- (986th) Greg Monroe: Ah, Greg Monroe. He whose signing with Bucks birthed actual columns on the internet suggesting the Lakers’ big market advantage was dead because “superstar” free agents like him were signing with the Bucks. That seems a bit premature, in hindsight. Monroe is playing less than 20 minutes per game for the Bucks, and while to be fair to him he’s a pretty horrible fit for their roster, I don’t see any way he’s a better fit in Los Angeles, or really the modern NBA. As a post-up and nothing else specialist, Monroe is part of a dying breed of defensively inept giants who are going to continue to get run off of the floor in all but the most special cases, and I do not endorse the Lakers offering anything of value for his $17 million contract this year with an option to make nearly $18 million next year.
Am I totally off on those, or being a giant TRADE RUMORZZZ buzzkill? Is homerism coloring my view of the Lakers’ young core?
Lang: Very strong take my man. I tend to agree. It’s weird to watch the decline of Greg Monroe. I will say this, people are totally trying to go away from back to the basket big men but I think the giants still have place in the league, especially come playoff time where the refs bite the whistle and games become ground and pound affairs. The ability to score easy baskets inside is magnified in the postseason.
I think the only player the Lakers need to be targeting on the above list is Nerlens Noel. I would give up a Larry Nance and Jordan Clarkson package to get the job done. Philadelphia may bite. They desperately need a guard to go along with their talented collection of young frontcourt players. The Lakers still need a center, even though Timofey Mozgov is only in the first year of a four-year deal. I would definitely pick up the phone, at the very least, if I’m the Lakers to gauge what Philly needs in order to make the trade happen. It’s apparent he is unhappy with how the “process” is going.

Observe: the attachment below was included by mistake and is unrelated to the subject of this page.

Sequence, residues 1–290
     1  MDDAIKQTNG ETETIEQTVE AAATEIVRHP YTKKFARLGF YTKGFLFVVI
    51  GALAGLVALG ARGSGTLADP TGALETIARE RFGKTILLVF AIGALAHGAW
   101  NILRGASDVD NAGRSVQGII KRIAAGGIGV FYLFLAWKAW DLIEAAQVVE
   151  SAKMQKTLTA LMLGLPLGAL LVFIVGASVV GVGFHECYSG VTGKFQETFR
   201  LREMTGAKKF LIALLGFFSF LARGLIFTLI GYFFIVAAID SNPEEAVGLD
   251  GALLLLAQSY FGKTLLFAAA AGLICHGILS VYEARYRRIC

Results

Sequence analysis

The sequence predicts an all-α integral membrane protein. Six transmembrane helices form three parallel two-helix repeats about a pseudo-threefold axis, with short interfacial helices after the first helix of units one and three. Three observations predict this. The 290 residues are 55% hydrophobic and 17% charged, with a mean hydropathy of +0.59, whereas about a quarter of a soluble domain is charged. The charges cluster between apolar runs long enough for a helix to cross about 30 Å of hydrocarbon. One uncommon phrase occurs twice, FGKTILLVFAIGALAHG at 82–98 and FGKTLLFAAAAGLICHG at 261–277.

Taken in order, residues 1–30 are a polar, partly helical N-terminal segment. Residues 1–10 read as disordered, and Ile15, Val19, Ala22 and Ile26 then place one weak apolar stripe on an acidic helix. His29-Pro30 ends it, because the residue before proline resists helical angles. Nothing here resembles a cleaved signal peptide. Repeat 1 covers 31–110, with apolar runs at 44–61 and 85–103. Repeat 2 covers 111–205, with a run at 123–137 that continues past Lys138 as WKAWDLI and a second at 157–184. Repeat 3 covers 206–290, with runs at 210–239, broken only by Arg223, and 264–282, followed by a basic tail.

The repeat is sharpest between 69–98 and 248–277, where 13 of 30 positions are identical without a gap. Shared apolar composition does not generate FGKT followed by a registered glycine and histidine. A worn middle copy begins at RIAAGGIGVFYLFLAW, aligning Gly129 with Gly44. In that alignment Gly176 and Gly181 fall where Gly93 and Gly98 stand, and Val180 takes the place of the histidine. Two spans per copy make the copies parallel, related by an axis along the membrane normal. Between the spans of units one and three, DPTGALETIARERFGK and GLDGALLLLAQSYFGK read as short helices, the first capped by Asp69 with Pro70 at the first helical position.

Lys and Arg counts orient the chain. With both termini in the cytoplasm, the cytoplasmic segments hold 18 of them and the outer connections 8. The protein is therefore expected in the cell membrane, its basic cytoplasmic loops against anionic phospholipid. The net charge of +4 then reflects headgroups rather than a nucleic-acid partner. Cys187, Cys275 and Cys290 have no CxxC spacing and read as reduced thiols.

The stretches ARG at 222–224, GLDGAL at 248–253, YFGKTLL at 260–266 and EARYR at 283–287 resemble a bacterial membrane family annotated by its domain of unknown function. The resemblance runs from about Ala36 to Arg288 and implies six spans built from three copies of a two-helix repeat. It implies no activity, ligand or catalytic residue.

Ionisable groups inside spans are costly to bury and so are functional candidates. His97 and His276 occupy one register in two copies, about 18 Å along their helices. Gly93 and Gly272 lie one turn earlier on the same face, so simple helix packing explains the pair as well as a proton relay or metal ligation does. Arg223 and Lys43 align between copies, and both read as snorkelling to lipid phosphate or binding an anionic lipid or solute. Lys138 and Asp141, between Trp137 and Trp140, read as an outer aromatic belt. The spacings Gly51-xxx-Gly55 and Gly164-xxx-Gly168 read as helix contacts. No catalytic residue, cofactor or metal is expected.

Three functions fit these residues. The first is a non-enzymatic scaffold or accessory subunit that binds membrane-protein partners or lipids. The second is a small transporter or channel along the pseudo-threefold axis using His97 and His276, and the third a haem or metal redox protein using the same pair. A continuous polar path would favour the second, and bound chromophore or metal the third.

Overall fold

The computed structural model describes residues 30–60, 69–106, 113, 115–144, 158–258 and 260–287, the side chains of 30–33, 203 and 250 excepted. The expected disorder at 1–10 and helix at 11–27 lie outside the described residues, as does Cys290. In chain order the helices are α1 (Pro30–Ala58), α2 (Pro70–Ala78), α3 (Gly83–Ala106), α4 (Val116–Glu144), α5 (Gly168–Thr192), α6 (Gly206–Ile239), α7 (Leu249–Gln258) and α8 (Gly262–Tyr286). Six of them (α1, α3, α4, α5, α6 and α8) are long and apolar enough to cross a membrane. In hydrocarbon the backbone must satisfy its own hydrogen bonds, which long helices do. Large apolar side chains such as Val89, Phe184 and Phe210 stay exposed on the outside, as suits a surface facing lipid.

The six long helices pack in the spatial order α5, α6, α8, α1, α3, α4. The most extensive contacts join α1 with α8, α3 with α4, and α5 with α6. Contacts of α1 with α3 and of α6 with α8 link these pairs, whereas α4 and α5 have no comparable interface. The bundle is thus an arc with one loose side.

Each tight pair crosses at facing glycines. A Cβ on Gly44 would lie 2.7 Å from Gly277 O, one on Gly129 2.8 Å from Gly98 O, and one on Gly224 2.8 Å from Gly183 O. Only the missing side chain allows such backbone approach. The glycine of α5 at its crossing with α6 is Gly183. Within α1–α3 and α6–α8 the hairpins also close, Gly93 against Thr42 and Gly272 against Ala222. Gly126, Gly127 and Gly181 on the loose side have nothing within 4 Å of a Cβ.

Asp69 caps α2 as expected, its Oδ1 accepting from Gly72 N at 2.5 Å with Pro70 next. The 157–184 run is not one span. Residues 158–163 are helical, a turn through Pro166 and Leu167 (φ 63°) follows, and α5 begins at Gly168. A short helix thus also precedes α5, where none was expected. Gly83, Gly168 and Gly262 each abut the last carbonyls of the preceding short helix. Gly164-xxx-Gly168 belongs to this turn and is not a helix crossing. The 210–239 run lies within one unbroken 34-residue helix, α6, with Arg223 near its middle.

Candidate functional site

Jabari: You guys are probably both right in terms of what the Lakers could realistically grab on the market, unless they wanted to essentially gut the roster for a really big name. As I often say, even though they’ve hit a bit of a rough patch while dealing with some injuries over the last couple of weeks, they are in the position of actually having choices in terms of how they want to rebuild. We’ll certainly keep an eye on that situation over the course of the year, but on behalf of the site and obviously my guy Lang, allow me to thank Harrison for joining us for this week’s discussion. From each of us to all of you, enjoy your holidays…and hopefully with some great basketball in the background.
2017-18 NBA Report Card: Third-Year Players
Among the third-year players a few budding superstars have emerged, along with some role players who are helping their teams in the 2017-18 NBA Playoffs.
The 2015 NBA Draft has provided the league with a limited quantity of talent so far. After Terry Rozier (at 16th), it’s unlikely that anyone remaining has All-Star potential. Despite the lack of depth, the highest draft slot traded was at number 15, when the Atlanta Hawks moved down to enable the Washington Wizards to select Kelly Oubre Jr.